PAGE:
This is a show that bounces from reality to the universe of a woman’s tormented mind. It’s also a musical play. That means that there will be many changes of mood and look, and many cues. You’ll need a versatile lighting plot that can pop the stage with musical comedy heat, and push into tight close-ups when needed in black and white. You’ll certainly need some spectacular washes, and I think smart lights for this show would be a huge plus. You’ll need two follow spots for duets like “This Is New.”

Regardless, you’ll be very busy running this show. I would not even consider this show without a computerized board with lots of pre-sets.

Again, we’ll be passing from reality to fantasy.  That said, actors can’t suddenly change make-up, especially leads in two consecutive scenes.  Perhaps a judicious and creative usage of masks in the dream scenes might be interesting.  The dreams could bleed into reality when the four models come in to Liza’s office for their shoot, and the shoot includes masks.  That could be frightening for Liza and the audience.  Is this reality?  Have we slipped without knowing it?  Anyway, fashion make-up is often not far removed from fantasy make-up, especially today, and this could prove very useful and interesting.  Any creative approach will need to be coordinated with the director and other designers, and probably you’ll need approval if you plan to do anything along these lines to your star.  That said, Liza should be petty but plain at the start, and when in her office, until toward the end of the show when she starts to change.

KEY PERSONNEL (The ones you MUST get right.):
Director, Choreographer, Musical Director, Set Designer, Costume Designer, Light Designer, Liza, Russell, Randy, Brooks.

What a show! Edited with great care and approached in a manner similar to the one described in detail above, I can’t help but believe that Lady In The Dark would absolutely devastate a modern audience. There is no show anywhere in the musical theater repertoire more “modern”, more “cutting edge,” and more musically rewarding. I get that it was authored in 1941, but that’s how it is, folks. It is Sondheim’s Follies decades earlier, but with more memorable songs and an edgier concept. It is the first true “concept musical,” and I believe, still easily amongst the best of that breed.

The issues are clear, though. The book should be somewhat curtailed, the music more integrated into the book that survives. I think the show needs a modern look, and needs to move away from spectacle for spectacle’s sake (until someone makes a movie version). I think the powerful psychological elements of the show should be extended to the physicalization of the show. And I think all of this can and should be done without a lot of stress.

There is another issue with the music/movement aspect of the design of Lady. The show is built to talk-talk-talk, then suddenly sing and move, then talk-talk-talk-talk. This may make (and it does, I fear) some of the talk-talk seem long and flat, and potentially uninteresting in contrast to the magic of the musical sequences. Somehow, a director may need to suggest that Liza’s nightmares are not very far from her conscious surface, whispering to her, pushing her.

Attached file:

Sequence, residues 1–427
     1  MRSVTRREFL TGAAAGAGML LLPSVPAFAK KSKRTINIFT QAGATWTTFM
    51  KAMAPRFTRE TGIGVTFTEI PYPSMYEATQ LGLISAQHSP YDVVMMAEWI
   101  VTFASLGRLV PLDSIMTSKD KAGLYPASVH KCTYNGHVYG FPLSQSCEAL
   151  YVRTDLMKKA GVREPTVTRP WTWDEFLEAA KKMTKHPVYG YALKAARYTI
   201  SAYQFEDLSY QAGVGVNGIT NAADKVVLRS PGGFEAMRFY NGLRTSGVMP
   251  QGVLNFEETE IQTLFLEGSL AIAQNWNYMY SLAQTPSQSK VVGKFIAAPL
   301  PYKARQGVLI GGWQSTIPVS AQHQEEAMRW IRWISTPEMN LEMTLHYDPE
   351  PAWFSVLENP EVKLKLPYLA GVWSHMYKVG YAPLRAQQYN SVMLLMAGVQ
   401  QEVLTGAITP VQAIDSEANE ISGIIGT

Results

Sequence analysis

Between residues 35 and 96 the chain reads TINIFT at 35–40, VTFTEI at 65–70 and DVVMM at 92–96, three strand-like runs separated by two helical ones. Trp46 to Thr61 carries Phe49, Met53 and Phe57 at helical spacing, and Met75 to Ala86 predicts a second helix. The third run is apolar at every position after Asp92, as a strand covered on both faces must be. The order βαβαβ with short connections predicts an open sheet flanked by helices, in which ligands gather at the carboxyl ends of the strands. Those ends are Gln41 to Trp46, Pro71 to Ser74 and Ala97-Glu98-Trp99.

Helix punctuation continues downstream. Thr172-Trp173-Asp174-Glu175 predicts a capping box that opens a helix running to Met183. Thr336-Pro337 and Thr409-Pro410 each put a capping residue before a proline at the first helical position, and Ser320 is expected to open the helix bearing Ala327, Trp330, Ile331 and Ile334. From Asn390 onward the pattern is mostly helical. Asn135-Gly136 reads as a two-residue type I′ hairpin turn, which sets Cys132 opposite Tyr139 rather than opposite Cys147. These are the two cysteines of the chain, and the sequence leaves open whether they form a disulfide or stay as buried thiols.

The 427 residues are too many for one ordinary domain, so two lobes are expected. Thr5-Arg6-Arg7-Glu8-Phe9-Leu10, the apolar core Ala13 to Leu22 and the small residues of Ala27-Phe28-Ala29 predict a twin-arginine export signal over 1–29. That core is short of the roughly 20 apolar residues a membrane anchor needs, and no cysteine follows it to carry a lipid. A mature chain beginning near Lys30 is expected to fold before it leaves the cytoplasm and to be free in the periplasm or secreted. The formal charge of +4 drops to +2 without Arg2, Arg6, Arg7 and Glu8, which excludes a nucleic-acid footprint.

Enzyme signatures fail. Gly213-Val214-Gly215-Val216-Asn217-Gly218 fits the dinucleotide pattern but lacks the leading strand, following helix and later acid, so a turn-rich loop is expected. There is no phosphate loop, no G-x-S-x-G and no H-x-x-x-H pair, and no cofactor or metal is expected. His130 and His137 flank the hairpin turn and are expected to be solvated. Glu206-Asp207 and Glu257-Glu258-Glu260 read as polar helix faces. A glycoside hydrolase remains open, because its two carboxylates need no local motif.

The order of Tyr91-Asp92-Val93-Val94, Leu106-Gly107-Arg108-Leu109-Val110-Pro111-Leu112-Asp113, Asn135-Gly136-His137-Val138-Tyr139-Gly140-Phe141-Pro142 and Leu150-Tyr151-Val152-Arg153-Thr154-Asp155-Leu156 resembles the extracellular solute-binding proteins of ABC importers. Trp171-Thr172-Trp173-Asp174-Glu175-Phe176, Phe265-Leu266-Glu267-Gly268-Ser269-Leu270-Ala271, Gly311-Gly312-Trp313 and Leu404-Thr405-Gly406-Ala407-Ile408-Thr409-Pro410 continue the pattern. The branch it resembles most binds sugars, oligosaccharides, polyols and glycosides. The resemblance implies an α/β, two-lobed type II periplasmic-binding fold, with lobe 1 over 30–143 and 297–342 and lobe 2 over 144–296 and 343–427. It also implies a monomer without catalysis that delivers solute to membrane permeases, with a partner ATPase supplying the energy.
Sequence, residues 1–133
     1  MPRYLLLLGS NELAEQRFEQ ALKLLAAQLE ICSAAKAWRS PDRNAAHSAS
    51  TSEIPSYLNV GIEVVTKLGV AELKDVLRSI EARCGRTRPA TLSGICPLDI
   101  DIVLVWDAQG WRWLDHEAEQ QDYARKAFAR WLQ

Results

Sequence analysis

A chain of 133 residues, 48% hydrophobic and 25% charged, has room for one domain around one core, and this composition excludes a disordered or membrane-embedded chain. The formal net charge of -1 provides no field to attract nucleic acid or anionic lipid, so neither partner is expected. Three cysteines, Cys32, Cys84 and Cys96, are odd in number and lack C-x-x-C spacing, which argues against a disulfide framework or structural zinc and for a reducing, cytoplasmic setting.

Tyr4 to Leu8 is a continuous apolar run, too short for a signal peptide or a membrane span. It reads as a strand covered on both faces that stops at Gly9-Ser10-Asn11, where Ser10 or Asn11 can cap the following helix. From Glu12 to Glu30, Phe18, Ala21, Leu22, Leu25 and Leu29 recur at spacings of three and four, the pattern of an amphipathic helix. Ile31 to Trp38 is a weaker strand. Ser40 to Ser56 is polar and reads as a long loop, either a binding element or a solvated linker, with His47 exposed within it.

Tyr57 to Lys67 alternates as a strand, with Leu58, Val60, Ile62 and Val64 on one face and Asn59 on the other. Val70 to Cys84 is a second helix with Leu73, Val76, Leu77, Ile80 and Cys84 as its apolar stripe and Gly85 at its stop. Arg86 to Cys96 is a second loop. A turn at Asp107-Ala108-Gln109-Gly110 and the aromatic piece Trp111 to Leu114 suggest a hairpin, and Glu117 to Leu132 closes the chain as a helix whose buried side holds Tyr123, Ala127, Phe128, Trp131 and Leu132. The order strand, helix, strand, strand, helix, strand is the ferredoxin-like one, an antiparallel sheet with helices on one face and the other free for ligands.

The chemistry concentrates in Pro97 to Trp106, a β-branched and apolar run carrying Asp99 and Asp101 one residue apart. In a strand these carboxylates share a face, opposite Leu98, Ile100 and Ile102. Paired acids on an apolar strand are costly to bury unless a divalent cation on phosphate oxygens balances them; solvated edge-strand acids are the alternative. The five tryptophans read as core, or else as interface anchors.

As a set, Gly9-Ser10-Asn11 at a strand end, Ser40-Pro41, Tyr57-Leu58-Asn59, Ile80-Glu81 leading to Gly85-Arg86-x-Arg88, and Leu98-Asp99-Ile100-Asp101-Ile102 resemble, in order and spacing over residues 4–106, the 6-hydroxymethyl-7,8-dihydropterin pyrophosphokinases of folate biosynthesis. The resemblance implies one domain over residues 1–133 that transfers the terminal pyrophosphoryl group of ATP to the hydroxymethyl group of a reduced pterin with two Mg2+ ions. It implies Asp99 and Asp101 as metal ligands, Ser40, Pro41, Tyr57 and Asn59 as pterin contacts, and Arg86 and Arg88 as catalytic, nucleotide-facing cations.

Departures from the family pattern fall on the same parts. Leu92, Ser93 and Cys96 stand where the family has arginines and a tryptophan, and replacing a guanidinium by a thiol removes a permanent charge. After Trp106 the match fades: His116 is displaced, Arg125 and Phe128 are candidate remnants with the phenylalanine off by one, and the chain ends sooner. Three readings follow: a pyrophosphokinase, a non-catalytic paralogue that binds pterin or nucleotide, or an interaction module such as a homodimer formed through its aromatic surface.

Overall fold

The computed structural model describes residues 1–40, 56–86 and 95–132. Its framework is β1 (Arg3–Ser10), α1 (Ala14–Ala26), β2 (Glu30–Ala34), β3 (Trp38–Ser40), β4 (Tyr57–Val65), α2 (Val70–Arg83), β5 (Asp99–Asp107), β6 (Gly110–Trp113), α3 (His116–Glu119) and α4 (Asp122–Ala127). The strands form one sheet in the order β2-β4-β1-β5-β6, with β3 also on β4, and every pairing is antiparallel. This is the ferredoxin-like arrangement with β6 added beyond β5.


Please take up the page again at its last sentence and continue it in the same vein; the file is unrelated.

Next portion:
There is another issue with the music/movement aspect of the design of Lady. The show is built to talk-talk-talk, then suddenly sing and move, then talk-talk-talk-talk. This may make (and it does, I fear) some of the talk-talk seem long and flat, and potentially uninteresting in contrast to the magic of the musical sequences. Note that there’s just over an hour of song in a show that may run as long as almost two and one-half hours at full length. Also, the music ends long before the play does, with a very long scene following the final song. I would say that the book does need to be edited, particularly the final scene. With or without an edit, somehow, a director may need to suggest that Liza’s nightmares are not very far from her conscious surface, whispering to her, pushing her. Music could be continued (using offstage singers and limited orchestrations, or orchestrations played quietly), basically reprised, in key moments and in the background during key moments of talk-talk scenes. Perhaps another actress could double Liza in these “dreaming while awake” sequences, and we could even see as well as hear what she sees in her mind, even as she works in her office, or speaks to Brooks. In other words, if you can’t do less book (and even if you can), it would be a good move to do more score, to literally underscore the psychological “action”, Liza’s evolving condition. And you can do this by literally rep[eating music and incidents with music that already exist in the score, no re-orchestration or re-writing needed, just re-introduction of certain themes strategically. And folks, that would very much pertain to the last scene.

One more thought about the final scene. “My Ship,” the song of her youth, is currently recalled by her well before the end of the show. I think it would be very wise indeed to move that to the end-end, as she and Charley are learning to work together. They talk-talk, and his voice fades as she steps away, smiling at him, and “in her mind,” she sings this glorious song to end the show. A much better use of “My Ship!” When she is supposed to sing it earlier in its entirety, leave a partial statement, perhaps a few lines only, and interrupt with Ben’s line telling her she has a lovely voice. Then, save the song in full statement for the final curtain. This edit can be done with great ease, it’s a natural, and I would not be surprised to discover that at some point in the writing, the authors had something like this in mind.